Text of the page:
The Patient Protection and Affordable Care Act, often referred to simply as the ACA or Obamacare, was signed into law on March 23, 2010. The ACA is intended to expand access to health insurance coverage for millions of uninsured Americans by expanding eligibility for Medicaid and developing health insurance marketplaces where uninsured persons may be eligible for subsidies to make private health plans more affordable. While expanding access to health insurance is a big part of the ACA, there are many other purposes of the law, including provisions intended to reform the health care delivery system to produce better patient outcomes at lower cost.
AOTA was very active in the legislative process leading up to the passage and signing of the ACA, working to achieve victories such as inclusion of rehabilitation and habilitation in the essential health benefits package. AOTA has also been monitorting the regulatory process at the federal and state levels as the ACA has been implemented, and has been advocating for occupational therapy practitioners and consumers. The dynamic environment created by health care reform creates opportunities, but vigilant monitoring of implementation activities and carefully executed advocacy efforts are necessary to ensure occupational therapy is valued and protected in the future.
Please also see the Health Care Reform Implementation page on AOTA's website at: http://www.aota.org/Advocacy-Policy/Health-Care-Reform.aspx
There's been no shortage of news coverage on the problems users of the health insurance exchange websites have been experiencing, particularly with those being run by the federal government. While the initial reports suggested the cause may be the volume of visitors to the sites (reportedly in the millions), time has revealed that the problems run deeper than that. I recently attended two national conferences where this topic was repeatedly discussed.
At the National Academy of State Health Policy's (NASHP) annual conference, which is largely attended by state agency officials who work on health policy and the advocates who lobby them, the tone was relatively optimistic. In general, the expectation was that state-run exchanges will and are running relatively well, and the federally-facilitated exchanges will eventually be functioning properly, even if it takes months. There were frequent references to the challenges faced when creating similar, albeit less complicated systems in the past, like that created for Medicare Part D. In that case, there were significant problems and delays, but ultimately the system was made to work and consumers are now quite pleased with it.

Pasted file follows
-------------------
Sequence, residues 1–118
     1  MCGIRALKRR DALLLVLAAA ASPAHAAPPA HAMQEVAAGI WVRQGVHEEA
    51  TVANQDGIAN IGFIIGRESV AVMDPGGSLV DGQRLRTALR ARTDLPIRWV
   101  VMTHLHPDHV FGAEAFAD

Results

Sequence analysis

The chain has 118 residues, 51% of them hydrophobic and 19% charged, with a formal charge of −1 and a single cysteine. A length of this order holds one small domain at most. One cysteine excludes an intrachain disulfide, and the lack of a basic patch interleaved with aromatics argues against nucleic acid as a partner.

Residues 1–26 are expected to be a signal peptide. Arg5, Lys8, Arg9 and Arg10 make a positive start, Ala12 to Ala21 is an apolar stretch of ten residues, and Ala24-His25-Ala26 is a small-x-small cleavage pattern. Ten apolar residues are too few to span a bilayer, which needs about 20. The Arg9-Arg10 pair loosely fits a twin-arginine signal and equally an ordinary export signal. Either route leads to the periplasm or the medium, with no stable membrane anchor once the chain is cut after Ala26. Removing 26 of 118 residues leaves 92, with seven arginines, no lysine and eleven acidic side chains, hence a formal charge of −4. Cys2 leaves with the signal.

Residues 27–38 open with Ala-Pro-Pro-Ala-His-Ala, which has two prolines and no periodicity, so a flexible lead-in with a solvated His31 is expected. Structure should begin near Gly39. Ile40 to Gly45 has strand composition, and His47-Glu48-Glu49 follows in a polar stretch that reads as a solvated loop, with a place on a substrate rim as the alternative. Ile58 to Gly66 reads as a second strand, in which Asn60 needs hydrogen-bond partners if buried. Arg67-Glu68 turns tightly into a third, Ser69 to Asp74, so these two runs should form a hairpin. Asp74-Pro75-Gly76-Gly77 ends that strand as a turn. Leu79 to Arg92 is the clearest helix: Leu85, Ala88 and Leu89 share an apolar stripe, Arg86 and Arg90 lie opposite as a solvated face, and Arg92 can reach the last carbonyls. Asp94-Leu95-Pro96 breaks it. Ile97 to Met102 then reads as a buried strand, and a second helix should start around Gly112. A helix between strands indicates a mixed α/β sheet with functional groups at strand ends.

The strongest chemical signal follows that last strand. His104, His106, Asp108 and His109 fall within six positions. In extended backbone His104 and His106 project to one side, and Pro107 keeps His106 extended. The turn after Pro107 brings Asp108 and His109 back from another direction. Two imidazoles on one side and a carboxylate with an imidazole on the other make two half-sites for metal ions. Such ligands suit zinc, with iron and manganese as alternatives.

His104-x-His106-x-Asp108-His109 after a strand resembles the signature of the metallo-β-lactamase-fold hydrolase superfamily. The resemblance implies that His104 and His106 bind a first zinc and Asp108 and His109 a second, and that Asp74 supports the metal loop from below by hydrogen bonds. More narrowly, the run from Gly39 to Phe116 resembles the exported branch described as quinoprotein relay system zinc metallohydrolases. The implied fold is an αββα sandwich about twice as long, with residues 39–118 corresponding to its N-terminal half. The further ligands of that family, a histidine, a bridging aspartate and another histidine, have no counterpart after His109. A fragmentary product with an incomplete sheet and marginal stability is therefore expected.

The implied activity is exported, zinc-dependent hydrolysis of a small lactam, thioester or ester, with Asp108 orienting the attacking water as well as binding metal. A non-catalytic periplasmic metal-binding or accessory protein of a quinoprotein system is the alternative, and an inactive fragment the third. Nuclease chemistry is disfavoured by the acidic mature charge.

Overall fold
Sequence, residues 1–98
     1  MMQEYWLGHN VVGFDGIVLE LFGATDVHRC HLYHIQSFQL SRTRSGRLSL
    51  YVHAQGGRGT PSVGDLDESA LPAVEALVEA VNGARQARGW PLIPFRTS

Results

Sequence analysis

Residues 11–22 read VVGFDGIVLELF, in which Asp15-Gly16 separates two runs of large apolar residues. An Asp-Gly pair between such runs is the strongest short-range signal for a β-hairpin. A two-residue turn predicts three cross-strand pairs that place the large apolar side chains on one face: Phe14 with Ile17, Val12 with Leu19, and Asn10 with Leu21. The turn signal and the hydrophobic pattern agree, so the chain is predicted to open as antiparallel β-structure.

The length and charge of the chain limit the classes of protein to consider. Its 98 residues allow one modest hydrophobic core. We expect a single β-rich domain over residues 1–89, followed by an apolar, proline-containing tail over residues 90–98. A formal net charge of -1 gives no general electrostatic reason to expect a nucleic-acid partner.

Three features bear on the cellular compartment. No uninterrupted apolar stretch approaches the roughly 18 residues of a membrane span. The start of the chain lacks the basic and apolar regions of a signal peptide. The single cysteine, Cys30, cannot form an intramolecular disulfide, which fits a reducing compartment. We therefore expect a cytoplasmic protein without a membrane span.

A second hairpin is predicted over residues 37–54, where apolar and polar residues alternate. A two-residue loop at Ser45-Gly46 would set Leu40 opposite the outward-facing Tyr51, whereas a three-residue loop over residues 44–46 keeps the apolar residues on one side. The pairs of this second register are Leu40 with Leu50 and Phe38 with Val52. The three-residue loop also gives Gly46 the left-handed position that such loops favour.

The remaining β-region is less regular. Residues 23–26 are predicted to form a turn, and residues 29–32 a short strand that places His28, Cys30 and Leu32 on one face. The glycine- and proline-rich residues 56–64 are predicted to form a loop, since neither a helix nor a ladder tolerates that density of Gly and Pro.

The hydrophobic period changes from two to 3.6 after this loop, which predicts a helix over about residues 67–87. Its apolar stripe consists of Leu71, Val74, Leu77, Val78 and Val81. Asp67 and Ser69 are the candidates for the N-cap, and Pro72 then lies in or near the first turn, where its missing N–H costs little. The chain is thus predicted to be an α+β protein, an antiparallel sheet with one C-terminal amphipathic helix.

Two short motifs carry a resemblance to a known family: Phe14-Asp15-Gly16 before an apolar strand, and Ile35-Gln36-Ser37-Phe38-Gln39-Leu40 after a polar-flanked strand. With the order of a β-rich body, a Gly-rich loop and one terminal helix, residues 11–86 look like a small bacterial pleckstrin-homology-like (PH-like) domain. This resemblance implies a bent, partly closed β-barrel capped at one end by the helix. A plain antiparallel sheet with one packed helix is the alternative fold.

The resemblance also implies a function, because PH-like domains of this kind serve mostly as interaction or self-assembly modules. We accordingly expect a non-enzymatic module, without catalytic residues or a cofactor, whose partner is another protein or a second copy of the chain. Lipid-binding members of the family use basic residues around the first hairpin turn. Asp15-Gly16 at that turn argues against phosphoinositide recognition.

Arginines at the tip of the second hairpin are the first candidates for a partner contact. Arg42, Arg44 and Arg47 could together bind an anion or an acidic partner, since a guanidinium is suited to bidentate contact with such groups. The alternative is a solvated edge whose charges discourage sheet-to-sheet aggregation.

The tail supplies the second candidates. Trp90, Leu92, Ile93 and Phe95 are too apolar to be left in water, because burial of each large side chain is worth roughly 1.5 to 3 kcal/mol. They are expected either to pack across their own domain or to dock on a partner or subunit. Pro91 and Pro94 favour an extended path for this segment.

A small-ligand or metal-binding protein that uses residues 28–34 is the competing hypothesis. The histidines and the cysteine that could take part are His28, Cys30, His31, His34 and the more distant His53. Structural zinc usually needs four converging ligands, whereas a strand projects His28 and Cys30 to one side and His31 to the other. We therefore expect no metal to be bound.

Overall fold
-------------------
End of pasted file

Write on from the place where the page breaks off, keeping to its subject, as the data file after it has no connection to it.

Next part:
In contrast, at the America's Health Insurance Plans (AHIP) state-issues conference, which is largely attended by employees and advocates for health insurance carriers, the discussion was notably more critical. While some of the speakers one might see at NASHP's conference were fairly optimistic, those who represented the perspective of health plans focused on the problems. For example, many carriers are either not receiving information about who has enrolled in their plans, or they are receiving what appears to be inaccurate information. Furthermore, in most cases, the number of actual enrollees in specific plans, as opposed to people who have applied but not yet enrolled, is very low.
For more on the challenges related to the health insurance exchanges, see this previous post.
Both conferences included much more than discussions about the status of health insurance exchanges. NASHP's conference had a session titled Mental Health Parity and Habilitation: Defining Essential Health Benefits. Defining habilitation is a key issue AOTA has focused on to ensure OT is a core component of the benefit in all 50 states. The most interesting points were raised by an official from Arkansas's Insurance Department. Arkansas is one of the states that chose to define habilitation, and Arkansas's Occupational Therapy Association participated in public meetings where the definition was developed. While the state already adopted a definition that is quite good (e.g., it specifically mentions OT as a covered service and includes coverage of maintenance services), Arkansas is unique in that it is considering how to define habilitation at parity with both outpatient and inpatient rehabilitation. Most states that have defined habilitation by requiring that coverage be at parity with coverage of rehabilitation have only considered outpatient rehabilitation. While the specifics are still being developed, it seems likely that more generous coverage of habilitative services may be required as a result.
Also at the session on habilitation, an official from Washington State's Office of the Insurance Commissioner made a very important point about the essential health benefit requirements. Regulators will be doing their best to ensure health plans comply with the requirements, but ultimately enforcement of many aspects of the law will be complaint-driven. It is critical for OT practitioners to be aware of the new requirements related to coverage of OT services in their states, so that they can help to identify potential violations that warrant complaints.
At AHIP's conference, there was also some discussion of the essential health benefit requirements. Of most relevance, a panelist (coincidentally a NASHP staff member), reminded everyone that the federal regulations governing the essential health benefits were intended to apply only on an interim basis. Therefore, it is expected that the U.S. Department of Health & Human Services will revisit those requirements, which creates a new opportunity for advocacy, particularly as it relates to the requirements for habilitation coverage.
For more thoughts and observations from NASHP and AHIP, check out my Twitter feed (NASHP was Oct. 9-11 and AHIP was Oct. 17-18).